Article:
Monday was an inservice day at my school. I am always torn about these days. I enjoy the day off from teaching, but I am also wary of the drivel that is going to be shoved at me during the instruction that is provided for the staff.
For the last couple of inservice days, we have been working with a consultant who has been showing us methods by which we can close the ever-present achievement gap. At one point, the consultant, who is black, mentioned some anecdote about her dealings with some of her black students (she is a principal). At one point during the anecdote, she referred to the black students - and black people in general - as "my people." I instantly cringed. I tried to imagine me, as a white person, standing before an audience of mostly black teachers and referring to other white people as "my people." You can imagine that my comment would go over like a lead balloon. I would soon find out that I wasn't the only teacher who took note of the comment. Later, when we broke up into our departments to meet separately, the "my people" comment quickly became an inside running joke among the members of my department.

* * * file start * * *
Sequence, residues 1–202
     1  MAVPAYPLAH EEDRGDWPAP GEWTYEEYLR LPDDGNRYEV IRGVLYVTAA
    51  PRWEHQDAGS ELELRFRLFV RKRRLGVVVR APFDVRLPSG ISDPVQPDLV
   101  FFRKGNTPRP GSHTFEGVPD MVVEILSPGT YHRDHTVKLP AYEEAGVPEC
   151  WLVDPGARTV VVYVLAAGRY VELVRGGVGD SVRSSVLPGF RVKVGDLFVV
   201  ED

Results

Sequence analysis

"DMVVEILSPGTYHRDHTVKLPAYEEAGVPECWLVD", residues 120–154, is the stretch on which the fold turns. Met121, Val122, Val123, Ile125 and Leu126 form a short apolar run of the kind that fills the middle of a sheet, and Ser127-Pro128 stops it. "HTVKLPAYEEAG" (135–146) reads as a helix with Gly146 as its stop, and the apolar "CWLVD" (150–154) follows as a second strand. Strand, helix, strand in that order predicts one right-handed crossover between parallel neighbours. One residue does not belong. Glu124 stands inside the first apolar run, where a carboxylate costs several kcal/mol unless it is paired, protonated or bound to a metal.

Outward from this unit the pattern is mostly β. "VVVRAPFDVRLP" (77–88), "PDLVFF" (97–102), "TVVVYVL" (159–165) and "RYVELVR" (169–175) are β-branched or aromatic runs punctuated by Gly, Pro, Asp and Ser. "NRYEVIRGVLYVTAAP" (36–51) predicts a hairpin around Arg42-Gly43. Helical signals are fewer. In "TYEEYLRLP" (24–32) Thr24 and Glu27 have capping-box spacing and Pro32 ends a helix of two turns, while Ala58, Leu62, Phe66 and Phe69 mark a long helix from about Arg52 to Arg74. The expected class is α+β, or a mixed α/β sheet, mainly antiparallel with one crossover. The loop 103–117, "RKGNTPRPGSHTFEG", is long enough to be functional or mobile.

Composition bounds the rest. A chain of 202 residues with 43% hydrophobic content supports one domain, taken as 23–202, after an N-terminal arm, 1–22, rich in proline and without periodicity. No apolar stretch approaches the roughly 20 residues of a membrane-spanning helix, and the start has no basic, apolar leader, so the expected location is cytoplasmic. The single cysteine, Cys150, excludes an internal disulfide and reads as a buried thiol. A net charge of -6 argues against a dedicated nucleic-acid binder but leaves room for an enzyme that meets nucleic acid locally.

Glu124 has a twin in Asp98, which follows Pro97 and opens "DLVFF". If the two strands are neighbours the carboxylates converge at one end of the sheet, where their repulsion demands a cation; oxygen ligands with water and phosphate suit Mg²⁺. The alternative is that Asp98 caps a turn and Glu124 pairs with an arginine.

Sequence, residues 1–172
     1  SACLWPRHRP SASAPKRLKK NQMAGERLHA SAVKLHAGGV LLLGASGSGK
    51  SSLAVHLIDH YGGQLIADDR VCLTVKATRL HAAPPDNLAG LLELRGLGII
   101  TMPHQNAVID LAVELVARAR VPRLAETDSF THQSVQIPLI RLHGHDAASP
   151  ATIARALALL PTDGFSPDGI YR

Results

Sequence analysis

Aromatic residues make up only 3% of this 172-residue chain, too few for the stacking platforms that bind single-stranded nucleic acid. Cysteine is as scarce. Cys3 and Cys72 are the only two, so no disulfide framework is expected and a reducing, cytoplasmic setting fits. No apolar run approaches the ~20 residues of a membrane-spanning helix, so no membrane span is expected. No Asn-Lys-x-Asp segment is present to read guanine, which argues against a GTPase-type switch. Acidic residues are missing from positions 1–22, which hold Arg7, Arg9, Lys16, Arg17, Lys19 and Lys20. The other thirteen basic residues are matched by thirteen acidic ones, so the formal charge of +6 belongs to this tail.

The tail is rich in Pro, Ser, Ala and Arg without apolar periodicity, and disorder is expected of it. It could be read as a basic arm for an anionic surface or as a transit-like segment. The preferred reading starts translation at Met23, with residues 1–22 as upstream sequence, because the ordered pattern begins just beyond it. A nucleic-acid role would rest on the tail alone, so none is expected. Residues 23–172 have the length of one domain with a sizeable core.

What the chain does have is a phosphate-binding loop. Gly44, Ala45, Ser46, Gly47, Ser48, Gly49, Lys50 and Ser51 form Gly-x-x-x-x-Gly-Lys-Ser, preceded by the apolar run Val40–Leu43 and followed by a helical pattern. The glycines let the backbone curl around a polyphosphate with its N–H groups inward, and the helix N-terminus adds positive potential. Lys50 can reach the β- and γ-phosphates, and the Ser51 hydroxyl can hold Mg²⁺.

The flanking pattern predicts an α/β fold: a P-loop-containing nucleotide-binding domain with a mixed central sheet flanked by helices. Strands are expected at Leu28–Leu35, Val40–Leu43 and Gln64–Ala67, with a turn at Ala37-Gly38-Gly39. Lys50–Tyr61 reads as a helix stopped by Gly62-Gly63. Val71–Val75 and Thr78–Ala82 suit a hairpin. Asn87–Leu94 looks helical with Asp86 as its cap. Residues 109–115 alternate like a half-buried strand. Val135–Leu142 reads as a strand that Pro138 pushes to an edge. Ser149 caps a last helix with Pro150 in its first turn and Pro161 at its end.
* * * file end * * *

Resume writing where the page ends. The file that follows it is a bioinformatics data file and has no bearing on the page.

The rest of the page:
I realize that the consultant made the comment in jest while telling a funny anecdote and it would be very easy to pass it off as no big deal. But again, I ask you what would happen if the racial roles were reversed? No matter the amount of jest involved, the comment would be in poor taste if made by me to a black audience. I am not angry at the consultant for her comment; I am angry at the condition of race relations in this country where one side is under a defacto gag order, while the other side can say whatever they want no matter how hypocritical it is. What needs to happen is that all sides should be held to the same standard. Either we all say nothing, or we all say everything. I prefer everything; life is more humorous that way.
Good Day to You, Sir